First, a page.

Chemically Controllable Magnetic Transition Temperature and Magneto-Elastic Coupling in MnZnSb Compounds



Murgatroyd, Philip AE, Routledge, Kieran, Durdy, Samantha, Gaultois, Michael W ORCID: 0000-0003-2172-2507, Surta, T Wesley ORCID: 0000-0002-2882-6483, Dyer, Matthew S ORCID: 0000-0002-4923-3003, Claridge, John B ORCID: 0000-0003-4849-6714, Savvin, Stanislav N, Pelloquin, Denis, Hebert, Sylvie
et al (show 1 more authors) (2021) Chemically Controllable Magnetic Transition Temperature and Magneto-Elastic Coupling in MnZnSb Compounds. ADVANCED FUNCTIONAL MATERIALS, 31 (17). p. 2100108.

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Abstract

Magneto-caloric materials offer the possibility to design environmentally friendlier thermal management devices compared to the widely used gas-based systems. The challenges to develop this solid-state based technology lie in the difficulty of finding materials presenting a large magneto-caloric effect over a broad temperature span together with suitable secondary application parameters such as low heat capacity and high thermal conductivity. A series of compounds derived from the PbFCl structure is investigated using a combination of computational and experimental methods focusing on the change of cell volume in magnetic and non-magnetic ground states. Scaling analysis of the magnetic properties determines that they are second order phase transition ferromagnets and that the magnetic entropy change is driven by the coupling of magneto-elastic strain in the square-net through the magnetic transition determined from neutron and synchrotron X-ray diffraction. The primary and secondary application related properties are measured experimentally, and the c/a parameter is identified as an accurate proxy to control the magnetic transition. Chemical substitution on the square-net affords tuning of the Curie temperature over a broad temperature span between 252 and 322 K. A predictive machine learning model for the c/a parameter is developed to guide future exploratory synthesis.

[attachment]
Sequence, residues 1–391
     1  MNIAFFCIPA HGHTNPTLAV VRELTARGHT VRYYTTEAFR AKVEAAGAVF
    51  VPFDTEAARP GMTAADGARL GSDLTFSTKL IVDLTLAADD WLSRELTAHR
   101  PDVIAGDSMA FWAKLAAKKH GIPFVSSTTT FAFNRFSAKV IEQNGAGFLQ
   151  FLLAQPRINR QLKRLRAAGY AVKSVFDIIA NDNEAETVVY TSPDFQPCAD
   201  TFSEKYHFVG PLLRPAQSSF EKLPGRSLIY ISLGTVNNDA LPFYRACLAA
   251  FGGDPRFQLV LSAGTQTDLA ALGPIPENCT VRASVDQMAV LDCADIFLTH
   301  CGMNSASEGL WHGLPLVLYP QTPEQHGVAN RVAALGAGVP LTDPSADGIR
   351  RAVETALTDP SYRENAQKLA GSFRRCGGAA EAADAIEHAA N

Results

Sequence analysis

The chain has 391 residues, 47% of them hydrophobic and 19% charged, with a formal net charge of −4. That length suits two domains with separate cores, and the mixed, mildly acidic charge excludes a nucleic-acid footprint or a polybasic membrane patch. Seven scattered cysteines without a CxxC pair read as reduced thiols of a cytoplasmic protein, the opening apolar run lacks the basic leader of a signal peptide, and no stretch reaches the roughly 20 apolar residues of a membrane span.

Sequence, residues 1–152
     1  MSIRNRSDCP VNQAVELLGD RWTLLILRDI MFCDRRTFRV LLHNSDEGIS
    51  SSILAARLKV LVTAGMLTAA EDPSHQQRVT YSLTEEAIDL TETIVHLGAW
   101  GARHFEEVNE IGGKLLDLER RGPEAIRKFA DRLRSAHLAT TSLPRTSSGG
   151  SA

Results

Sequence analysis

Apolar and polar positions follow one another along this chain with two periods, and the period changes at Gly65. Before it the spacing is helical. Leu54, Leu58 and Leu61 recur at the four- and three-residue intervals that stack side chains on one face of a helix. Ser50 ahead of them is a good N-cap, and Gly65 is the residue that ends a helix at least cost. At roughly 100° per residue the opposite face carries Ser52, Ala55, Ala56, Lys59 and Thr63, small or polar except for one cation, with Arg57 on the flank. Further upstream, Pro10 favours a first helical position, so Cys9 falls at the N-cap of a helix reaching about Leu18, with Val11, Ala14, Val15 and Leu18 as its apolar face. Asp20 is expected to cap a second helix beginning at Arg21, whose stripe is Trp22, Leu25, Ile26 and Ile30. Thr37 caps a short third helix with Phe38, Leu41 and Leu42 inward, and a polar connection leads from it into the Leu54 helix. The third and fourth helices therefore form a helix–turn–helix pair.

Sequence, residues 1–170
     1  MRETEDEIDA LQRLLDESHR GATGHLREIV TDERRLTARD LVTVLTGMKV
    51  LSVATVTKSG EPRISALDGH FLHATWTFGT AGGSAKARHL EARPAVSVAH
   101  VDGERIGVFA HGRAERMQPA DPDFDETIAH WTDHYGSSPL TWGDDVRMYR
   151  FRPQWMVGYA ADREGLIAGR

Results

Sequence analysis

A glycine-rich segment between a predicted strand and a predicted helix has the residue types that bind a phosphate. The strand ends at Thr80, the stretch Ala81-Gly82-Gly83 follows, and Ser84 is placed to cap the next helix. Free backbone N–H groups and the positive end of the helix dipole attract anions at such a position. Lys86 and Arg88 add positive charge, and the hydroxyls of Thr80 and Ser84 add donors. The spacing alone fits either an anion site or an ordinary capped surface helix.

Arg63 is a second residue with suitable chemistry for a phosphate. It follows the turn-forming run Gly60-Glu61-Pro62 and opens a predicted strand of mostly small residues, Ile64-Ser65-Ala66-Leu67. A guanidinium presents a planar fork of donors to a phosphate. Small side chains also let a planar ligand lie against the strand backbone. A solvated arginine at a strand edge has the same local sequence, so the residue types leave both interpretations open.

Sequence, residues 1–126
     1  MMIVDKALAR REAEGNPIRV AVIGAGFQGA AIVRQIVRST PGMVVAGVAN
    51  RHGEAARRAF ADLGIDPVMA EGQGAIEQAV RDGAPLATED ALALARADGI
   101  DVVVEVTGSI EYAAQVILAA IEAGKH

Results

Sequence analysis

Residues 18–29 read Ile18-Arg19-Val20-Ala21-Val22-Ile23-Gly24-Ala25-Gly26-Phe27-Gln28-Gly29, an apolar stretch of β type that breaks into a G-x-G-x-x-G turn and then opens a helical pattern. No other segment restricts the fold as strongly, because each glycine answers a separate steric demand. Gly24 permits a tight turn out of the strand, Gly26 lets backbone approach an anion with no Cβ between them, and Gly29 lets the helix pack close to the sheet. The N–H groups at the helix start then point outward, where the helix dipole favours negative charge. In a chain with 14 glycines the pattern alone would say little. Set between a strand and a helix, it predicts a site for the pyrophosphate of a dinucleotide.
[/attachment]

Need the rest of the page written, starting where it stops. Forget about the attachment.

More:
Item Type: Article
Uncontrolled Keywords: chemical control, computational proxy, machine learning, magnetic materials, magnetocalorics
Divisions: Faculty of Science and Engineering > School of Physical Sciences
Depositing User: Symplectic Admin
Date Deposited: 09 Apr 2021 10:25
Last Modified: 18 Jan 2023 22:53
DOI: 10.1002/adfm.202100108
Open Access URL: https://doi.org/10.1002/adfm.202100108
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URI: https://livrepository.liverpool.ac.uk/id/eprint/3118802

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